Apple is still fighting with the government over whether it should create a special software to help the DOJ unlock an iPhone connected to the suspect in the San Bernardino shooting. But government officials and Apple execs agree about one key point: It’s not about one phone. This is about the future of security.
In an op-ed for the New York Times today, New York Police Department Commissioner William Bratton and NYPD Intelligence and Counterterrorism Deputy Commissioner James J. Miller admitted that what Apple has been asked to do will drive how the government demands tech companies provide access to secured devices in the future.
“The ramifications of this fight extend beyond San Bernardino,” Bratton and Miller write. The NYPD bosses say that the government’s demand boils down to restoring “a key that was available until 2014.” This is a reference to the change Apple made in 2014, when it upgraded its encryption.
While it’s easy to imagine that most government officials wish that they could time travel and convince Apple not to upgrade its security, or that Apple could somehow remotely downgrade all of its phones to iOS 7 and other software versions with weaker encryption, that’s a misrepresentation of what the DOJ is asking. It is asking that Apple create a software to work around security measures in place to protect encrypted data—and it is asking this in order to set a precedent for cooperation, not just for this one wild and rare incident.
What Apple is pushing back against is the idea that the government can ask it for something that it doesn’t have, and compel the company to create a security bypass for its software. If the DOJ can do that, Apple argues, it sets a precedent for compelling tech companies to weaken their own security.
It definitely won’t stop with one phone. The Justice Department is already seeking court orders for at least twelve other iPhones, according to a report from the Wall Street Journal.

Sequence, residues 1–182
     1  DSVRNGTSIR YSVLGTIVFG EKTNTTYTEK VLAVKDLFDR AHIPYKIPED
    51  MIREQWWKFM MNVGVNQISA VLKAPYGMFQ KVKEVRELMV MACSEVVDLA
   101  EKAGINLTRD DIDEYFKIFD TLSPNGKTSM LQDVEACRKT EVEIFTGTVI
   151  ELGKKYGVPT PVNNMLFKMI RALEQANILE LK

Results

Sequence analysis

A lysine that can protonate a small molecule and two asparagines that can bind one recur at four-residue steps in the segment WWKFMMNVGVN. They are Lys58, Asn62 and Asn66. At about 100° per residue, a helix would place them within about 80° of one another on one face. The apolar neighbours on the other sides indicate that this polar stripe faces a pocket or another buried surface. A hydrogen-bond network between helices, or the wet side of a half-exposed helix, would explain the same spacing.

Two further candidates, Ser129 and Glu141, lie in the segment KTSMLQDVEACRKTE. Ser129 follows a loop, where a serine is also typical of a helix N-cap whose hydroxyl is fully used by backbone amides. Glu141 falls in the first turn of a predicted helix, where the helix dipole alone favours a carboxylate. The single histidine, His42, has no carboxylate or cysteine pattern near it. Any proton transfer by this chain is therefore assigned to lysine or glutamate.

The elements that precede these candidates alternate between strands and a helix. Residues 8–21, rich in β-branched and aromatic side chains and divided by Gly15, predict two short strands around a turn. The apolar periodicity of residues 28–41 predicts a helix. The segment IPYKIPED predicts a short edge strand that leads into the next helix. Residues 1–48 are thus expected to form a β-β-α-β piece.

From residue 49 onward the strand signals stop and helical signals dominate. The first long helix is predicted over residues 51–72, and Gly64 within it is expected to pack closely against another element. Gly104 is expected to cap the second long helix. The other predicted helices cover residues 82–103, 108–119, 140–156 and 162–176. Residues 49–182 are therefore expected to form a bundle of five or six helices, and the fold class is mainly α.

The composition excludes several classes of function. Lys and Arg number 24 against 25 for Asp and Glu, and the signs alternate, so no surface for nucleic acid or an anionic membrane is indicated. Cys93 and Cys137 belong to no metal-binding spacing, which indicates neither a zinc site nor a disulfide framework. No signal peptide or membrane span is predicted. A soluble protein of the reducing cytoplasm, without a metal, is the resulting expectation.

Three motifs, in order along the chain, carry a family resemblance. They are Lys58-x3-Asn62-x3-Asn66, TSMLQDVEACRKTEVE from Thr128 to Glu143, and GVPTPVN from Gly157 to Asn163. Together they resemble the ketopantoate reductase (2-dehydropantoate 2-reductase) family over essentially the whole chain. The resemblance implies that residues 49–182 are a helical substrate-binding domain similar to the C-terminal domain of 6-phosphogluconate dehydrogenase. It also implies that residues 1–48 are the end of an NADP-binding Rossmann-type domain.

This is a fight about how strong our devices’ security protections should be. Apple’s refusal to create security-weakening software in the San Bernardino case doesn’t mean the government has no other ways to break the security on the device. It certainly makes it more difficult, just as it’s harder for police to knock down a locked door than it is to get the lock manufacturer to develop a special key to open it. Bratton’s op-ed makes it clear that the government prefers device security that’s easier for it to crack—he’s unapologetic about wanting a “front door” entrance. (The op-ed’s title: Seeking iPhone Data, Through the Front Door.)
What it doesn’t do is offer any compelling reasoning why Americans should embrace shitty phone security as a trade-off for making the execution of search warrants easier. Nobody wants to see terrorists get away, but framing this as a choice between terrorists winning and normal people having secure phones is a slimy move. That’s not the choice. The government is attempting to conscript third-party security providers to destroy their own services as a shortcut to executing a search warrant. The choice is whether that conscription is fair and legal—or an undue burden that will undermine security.
“Google, which owns the Android system, now indicates that it will follow Apple’s lead,” Bratton and Miller write. “For those companies, and others like them, there is a sound argument in not wanting, even indirectly, to become an arm of the government. But when you are the two companies whose operating systems handle more than 90 percent of mobile communications worldwide, you should be accountable for more than just sales.”
Apple, Google, and other companies are certainly accountable for more than just sales. But arguing that these companies have a responsibility to perform what amounts to police work—that they should break protections they’ve created for customers at the whim of the government—is absurd.